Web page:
Ask Amy: Should Dad Tell His Daughter Crop Tops Are Unflattering?

Comment

Dear Amy: I am the proud father of a beautiful and bright 18 year old daughter. She thrives as a freshman in college.

She came home recently for Thanksgiving wearing a “crop top”, exposing her belly (we live in a very hot climate).

She is 20 pounds overweight. I know she doesn’t need to be reminded of that, as she is conscious and working diligently in the gym.

She walks everywhere she needs to go, and we bought a bike for her to use at school, so she uses it too.

How can I (or should I) tell my daughter that crop tops just aren’t the best look for her?

I was going to say something while she was with us, but I chickened out and decided to write you instead.

Father: You might think you “chickened off,” but I think your gut kicked in, telling you how much your remarks could have hurt your daughter’s self-esteem.

She is already conscious and managing her weight in a healthy way. It may seem insignificant to you, but one critical remark, especially from her father, could derail her progress or (much worse) inspire eating disorders.

Your daughter, like all girls, is literally surrounded by clues and images of what her body should look like.

The last thing she needs is her father joining her, scrutinizing and criticizing her body. (Make no mistake, if you were criticizing what she was wearing, she would have immediately drawn a straight line between the words you said and what she believed you really meant.)

Even a slight teasing (or well-meaning) remark about your daughter’s weight or appearance can backfire.

The reason your attitude matters so much is because you’re the beloved “daddy” of your bright, gorgeous daughter. You are, literally, “the man”.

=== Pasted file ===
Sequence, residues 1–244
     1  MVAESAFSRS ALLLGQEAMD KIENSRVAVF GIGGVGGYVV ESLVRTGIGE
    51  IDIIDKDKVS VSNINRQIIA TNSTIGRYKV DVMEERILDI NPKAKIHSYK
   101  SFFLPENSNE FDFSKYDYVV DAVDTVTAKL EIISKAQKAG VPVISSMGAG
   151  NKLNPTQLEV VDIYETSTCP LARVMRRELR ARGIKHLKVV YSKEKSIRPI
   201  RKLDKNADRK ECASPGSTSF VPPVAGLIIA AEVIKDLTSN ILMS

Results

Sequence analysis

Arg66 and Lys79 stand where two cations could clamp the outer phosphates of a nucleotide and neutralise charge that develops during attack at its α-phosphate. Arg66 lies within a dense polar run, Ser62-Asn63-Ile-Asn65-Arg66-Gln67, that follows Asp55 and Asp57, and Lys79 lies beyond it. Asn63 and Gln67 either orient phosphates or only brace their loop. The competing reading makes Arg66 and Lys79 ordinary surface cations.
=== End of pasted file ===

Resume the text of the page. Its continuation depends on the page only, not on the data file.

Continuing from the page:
Limit any constructive criticism to his grades in school, his driving skills, or his work at home.

Keep your opinion of her crop top to yourself.

Dear Amy: Is it unethical to use things that have been mailed to me in the hope that I will donate money to the organization, when I am not responding with a donation?

(I’m talking about Christmas cards and address labels.)

Some of the organizations from which I have received these items are those to which I have donated in the past.

But I didn’t want and didn’t ask for these cards.

Can I still send them to my family and friends without paying for them?

I feel funny doing this, especially when it’s a religious organization.

Applications have tripled this year. It is obvious that my contact details have been shared with many organisations.

I will often request that my name be removed from these mailing lists, asking them not to share it. I’ve only had one organization contact me to do this.

— Fear of being a freeloader

To fear: You have the right to use these things that are sent to you by organizations hoping to solicit a donation.

According to the Federal Trade Commission, these items are literally (and redundantly) “gifts.” Even if you did not solicit or order these gifts, when they are sent to you, they belong to you.

Your guilt for using them “without paying for them” means that these campaigns work! But understand that if you use them (without making a donation), any recipient you send them to may also notice which organization generates these address cards and labels, essentially increasing their marketing reach.

I donate all unsolicited cards to my local library’s book sale, which sells them to raise money for literacy in my community. Senior care facilities will also take these donated cards for residents to use.

To eliminate these solicitations, contact individual charities, asking to be removed from their list and/or requesting that they not share your information.

You can also use the online registration form at DMAchoice.org to reduce the amount of direct mail you receive. There is a $2 processing fee.

Dear Amy:Deflated after the weddingdescribed her disappointment when her daughter did not personally greet her aunt and uncle at her wedding. He had planned to tell her that his brother was offended and disappointed that he was not welcomed.

Amy, you ruined everything. You should have told this father that his brother should have expressed his disappointment directly to the bride, without going through the father.

These adults should not use it as an intermediary.

©2021 by Amy Dickinson distributed by Tribune Content Agency